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Work of Art ends its excellent but too-short first season with Abdi’s inevitable win

My new favorite Bravo competition series, Work of Art, ended its first season last night as Abdi Farah won the $100,000 prize and a show at the Brooklyn Museum of Art thanks to his exhibition, which included an image of his own naked body and prominent testicles. David La Chapelle guest judged the episode, which featured executive producer Sarah Jessica Parker’s second appearance, which mostly consisted of her putting her hands on her face and exclaiming how amazed she was.

Abdi’s win seemed inevitable to me since early on, as he grew and Miles Mendenhall peaked, but at least Miles and his decent if overly conceptual art and fantastic reality TV personality stuck around. Making their decision, the judges were a little clearer this time, as they were last week, and it seemed that third-place Miles’ exhibition was a bit too abstract and didn’t make sense until it was explained, while Peregrine Honig had great pieces that as an exhibition weren’t focused or edited enough. (At least Peregrine’s work didn’t seem like arts and crafts this time, with shit glued to more shit.) Abdi’s work, including two larger-than-life sculptures of human forms on the floor, made the judges think and was also technically proficient, and the win seemed easily his.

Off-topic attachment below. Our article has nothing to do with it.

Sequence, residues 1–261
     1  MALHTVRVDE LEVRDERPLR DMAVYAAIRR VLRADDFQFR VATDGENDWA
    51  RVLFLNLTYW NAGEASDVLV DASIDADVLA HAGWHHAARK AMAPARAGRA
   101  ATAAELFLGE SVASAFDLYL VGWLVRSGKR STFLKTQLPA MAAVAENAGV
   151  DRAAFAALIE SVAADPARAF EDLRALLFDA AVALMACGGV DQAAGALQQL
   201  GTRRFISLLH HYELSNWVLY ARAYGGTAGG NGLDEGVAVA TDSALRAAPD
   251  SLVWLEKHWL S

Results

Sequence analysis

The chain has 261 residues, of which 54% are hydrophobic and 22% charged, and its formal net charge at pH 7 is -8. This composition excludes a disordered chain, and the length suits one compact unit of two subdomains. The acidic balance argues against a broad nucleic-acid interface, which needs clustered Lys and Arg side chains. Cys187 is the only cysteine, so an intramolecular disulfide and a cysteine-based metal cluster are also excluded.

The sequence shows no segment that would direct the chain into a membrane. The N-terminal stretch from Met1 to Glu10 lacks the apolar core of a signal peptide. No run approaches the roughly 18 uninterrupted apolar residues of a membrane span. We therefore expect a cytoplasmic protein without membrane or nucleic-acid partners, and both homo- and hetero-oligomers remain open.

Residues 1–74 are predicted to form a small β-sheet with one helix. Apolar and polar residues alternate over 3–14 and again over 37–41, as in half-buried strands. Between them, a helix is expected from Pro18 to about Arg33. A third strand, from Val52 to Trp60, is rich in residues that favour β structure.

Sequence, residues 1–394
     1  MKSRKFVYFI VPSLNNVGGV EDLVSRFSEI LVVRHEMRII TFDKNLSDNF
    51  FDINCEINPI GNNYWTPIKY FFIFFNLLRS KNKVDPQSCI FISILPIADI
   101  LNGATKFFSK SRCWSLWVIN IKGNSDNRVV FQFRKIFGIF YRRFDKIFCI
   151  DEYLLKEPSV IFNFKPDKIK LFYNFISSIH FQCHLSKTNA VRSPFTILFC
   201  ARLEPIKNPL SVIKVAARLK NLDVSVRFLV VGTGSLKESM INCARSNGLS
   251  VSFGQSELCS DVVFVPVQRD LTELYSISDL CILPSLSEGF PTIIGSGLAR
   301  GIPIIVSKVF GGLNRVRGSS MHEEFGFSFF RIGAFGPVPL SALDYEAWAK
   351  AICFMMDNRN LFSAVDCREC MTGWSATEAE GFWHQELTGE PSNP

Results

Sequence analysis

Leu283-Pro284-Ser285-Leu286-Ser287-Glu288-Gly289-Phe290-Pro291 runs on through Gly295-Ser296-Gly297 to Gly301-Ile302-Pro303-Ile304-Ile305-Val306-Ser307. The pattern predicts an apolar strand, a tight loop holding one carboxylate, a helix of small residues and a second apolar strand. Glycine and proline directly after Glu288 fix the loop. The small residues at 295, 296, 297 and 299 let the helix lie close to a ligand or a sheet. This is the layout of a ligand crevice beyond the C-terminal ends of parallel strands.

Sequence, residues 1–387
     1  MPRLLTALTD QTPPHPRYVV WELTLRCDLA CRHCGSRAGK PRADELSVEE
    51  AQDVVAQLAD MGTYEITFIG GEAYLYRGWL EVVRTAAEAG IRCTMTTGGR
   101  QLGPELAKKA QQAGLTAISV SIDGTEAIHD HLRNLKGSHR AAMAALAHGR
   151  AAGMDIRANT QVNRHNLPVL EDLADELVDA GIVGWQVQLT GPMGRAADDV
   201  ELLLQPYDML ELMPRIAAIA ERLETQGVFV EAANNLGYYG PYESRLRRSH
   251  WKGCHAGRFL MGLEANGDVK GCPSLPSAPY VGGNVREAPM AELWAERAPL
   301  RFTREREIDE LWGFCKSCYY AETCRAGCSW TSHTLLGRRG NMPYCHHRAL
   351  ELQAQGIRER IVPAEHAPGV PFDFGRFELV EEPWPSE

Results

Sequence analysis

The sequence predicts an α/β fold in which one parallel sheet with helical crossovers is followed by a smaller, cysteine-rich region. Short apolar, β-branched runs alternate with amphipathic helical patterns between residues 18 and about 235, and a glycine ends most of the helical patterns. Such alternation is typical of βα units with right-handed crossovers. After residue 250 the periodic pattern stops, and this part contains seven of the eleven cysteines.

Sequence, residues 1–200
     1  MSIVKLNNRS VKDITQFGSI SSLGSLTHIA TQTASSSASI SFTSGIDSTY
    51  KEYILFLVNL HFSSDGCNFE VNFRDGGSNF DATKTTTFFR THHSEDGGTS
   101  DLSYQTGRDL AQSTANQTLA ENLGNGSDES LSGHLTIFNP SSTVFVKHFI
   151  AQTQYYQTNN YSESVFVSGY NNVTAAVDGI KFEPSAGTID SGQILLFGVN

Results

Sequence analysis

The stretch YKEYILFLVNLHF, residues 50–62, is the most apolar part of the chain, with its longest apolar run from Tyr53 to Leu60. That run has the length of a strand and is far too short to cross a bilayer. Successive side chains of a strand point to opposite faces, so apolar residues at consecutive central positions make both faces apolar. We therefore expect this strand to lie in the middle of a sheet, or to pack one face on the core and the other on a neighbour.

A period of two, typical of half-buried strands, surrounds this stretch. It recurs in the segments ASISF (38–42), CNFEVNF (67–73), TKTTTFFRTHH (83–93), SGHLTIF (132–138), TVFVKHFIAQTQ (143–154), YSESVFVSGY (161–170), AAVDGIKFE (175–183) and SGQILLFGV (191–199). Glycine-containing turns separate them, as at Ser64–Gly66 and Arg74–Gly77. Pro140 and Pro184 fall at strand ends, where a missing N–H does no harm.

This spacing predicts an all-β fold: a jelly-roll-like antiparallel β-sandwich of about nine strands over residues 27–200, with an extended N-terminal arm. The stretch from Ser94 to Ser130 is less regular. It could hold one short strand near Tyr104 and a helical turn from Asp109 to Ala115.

Besides the small problems I outlined earlier, my one major complaint about this season is that it was too short. The two double-eliminations basically robbed us of two additional episodes. There were also 10 episodes on the first season of Project Runway but 12 on Top Chef‘s first season, and the latter was up to 14 episodes last season, although of course with more contestants. Anyway, I basically want more because I am greedy and selfish and the show is that good.

Speaking of those other shows, watching Work of Art‘s finale, I felt like I did watching the finale of the first season of Project Runway. Of course, it followed the same format, including the home visit by mentor and “great admirer of Prince” Simon de Pury, but felt new again, not old. I particularly loved watching them install their pieces in the gallery with the help of gallery workers and/or crew members. It’s clear that they spent considerable time doing that for the regular episodes, too, and too bad we didn’t get to see it. But as long as there’s more Work of Art ahead, I won’t complain.

About the author

  • Andy Dehnart is the creator of reality blurred and a writer and teacher who obsessively and critically covers reality TV and unscripted entertainment, focusing on how it’s made and what it means. Learn more about Andy.

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